Have You Been the Victim of a Scam?

There are many different types of scams and frauds that people can fall victim to, so it is important to keep yourself informed about the current and newest scams circulating in and around our area.

If you believe you have been the victim of fraud and have lost money, please contact your local police agency.

If you believe you have been the victim of fraud but did not lose money, report the fraud to the Canadian Anti-Fraud Centre by visiting the link at the bottom of the page or calling 1-888-495-8501.

The following are examples of current/new scams in our area:

Canada Revenue Agency scam: You receive a phone call from either a live person or an automated message, claiming to be calling from the CRA and advising that you owe back taxes. You are threatened to be arrested and/or deported if you do not immediately pay buy purchasing iTunes or Steam gift cards and providing the codes to the caller.

Grandparent scam: A person posing as your grandchild (or an officer or lawyer representing the grandchild) calls and asks you to send money because he or she is in trouble and/or arrested. The caller wants the money sent immediately, so there is no time to verify the call.

Overpayment scam: You receive payment for an item you are selling online. The suspect sends a cheque for more than the agreed upon price and asks that you send a portion of the money back. As it turns out, the cheque you received was fraudulent and you are out the money you sent to the suspect.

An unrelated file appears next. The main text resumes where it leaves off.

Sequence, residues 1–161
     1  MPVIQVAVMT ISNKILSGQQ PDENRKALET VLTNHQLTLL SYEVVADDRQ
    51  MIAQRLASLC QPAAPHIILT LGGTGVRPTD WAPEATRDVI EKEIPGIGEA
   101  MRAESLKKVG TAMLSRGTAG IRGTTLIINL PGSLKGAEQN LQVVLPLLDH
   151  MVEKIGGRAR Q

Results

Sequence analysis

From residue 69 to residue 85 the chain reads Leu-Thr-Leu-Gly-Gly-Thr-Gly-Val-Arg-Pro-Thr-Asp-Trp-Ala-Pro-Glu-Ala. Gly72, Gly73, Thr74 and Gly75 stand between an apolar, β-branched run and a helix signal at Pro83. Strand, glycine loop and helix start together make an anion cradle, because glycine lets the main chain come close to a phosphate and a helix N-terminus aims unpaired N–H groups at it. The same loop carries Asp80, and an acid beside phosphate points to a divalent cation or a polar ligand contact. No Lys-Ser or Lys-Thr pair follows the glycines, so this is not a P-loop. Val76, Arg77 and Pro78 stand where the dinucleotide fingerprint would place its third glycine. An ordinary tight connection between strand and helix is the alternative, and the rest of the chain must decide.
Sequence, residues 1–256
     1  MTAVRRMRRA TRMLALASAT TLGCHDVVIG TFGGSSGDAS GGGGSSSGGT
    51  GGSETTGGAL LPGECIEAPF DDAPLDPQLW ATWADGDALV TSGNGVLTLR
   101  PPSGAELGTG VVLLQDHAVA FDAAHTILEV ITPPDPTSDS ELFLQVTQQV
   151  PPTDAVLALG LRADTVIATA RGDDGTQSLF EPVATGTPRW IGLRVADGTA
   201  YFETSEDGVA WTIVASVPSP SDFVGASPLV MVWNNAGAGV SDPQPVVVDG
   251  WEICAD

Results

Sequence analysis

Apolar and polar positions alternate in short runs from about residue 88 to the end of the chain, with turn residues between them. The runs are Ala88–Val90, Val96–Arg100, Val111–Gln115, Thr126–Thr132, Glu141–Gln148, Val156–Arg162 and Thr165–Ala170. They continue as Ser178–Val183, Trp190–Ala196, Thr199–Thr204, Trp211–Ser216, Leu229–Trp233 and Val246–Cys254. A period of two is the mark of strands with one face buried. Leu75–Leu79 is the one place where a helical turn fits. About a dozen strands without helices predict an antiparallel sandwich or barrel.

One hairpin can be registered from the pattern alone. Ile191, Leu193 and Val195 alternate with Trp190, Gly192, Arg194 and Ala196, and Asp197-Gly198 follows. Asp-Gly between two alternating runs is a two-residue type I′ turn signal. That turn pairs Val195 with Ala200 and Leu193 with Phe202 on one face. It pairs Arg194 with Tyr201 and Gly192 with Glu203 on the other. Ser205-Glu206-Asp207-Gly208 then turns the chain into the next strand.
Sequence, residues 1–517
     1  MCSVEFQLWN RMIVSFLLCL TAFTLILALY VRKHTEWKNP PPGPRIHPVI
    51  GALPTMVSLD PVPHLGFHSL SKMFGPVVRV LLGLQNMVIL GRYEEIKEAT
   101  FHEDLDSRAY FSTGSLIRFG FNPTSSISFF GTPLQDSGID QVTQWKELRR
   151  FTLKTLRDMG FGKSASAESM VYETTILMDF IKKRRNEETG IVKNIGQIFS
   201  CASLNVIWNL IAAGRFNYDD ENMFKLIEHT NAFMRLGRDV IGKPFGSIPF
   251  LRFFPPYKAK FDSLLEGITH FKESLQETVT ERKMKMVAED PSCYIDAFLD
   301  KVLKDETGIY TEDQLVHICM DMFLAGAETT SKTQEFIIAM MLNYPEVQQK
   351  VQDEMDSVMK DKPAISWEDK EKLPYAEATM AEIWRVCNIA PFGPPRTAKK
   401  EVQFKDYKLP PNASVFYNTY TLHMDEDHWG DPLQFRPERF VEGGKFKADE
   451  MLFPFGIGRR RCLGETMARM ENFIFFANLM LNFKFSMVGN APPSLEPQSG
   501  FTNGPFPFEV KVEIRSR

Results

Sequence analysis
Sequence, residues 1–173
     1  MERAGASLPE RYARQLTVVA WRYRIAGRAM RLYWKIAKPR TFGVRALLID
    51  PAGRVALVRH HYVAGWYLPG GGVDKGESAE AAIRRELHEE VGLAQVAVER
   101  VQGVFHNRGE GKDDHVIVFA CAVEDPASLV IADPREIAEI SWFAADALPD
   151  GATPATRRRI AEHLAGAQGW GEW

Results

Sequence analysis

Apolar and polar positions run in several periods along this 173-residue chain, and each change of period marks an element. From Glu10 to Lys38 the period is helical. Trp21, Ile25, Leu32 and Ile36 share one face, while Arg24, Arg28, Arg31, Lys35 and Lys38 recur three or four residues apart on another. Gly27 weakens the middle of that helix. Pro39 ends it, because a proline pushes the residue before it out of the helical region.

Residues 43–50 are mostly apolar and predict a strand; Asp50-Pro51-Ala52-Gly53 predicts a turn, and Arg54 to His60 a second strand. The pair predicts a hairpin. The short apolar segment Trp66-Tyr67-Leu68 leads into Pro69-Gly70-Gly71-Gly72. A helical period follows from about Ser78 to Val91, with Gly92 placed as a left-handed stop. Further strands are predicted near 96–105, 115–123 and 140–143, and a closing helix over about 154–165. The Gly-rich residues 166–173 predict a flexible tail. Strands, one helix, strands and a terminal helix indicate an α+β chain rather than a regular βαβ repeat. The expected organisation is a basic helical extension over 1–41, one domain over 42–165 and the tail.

Online Buying/Selling scam: You are advertising an item for sale online, and the suspect shows interest in purchasing the item but requests that you send them a large sum of money to cover some sort of fees, usually via wire transfer.

You purchase an item online and provide the requested payment. You keep receiving messages from the seller that they require additional payments to cover unexpected expenses such as shipping fees, duty fees, etc. The suspect will continue to request additional payments with repeated excuses about why they require more money.

Inappropriate Video of Yourself: You receive an email from a suspect claiming to have video from your webcam of you watching inappropriate videos online. The suspect demands payment or they will forward the video to your Facebook friends, contacts, etc.

Online Dating scam: You begin a relationship with an individual you meet online. Not before long, the suspect begins requesting money from you for various reasons. They may even request payment through iTunes gift cards at some point. You attempt to meet the suspect in person, but they always have a reason to cancel.

For more information regarding different types of frauds and what you can do to protect yourself, please visit the Canadian Anti-Fraud Centre website at:


Social Share Buttons and Icons powered by Ultimatelysocial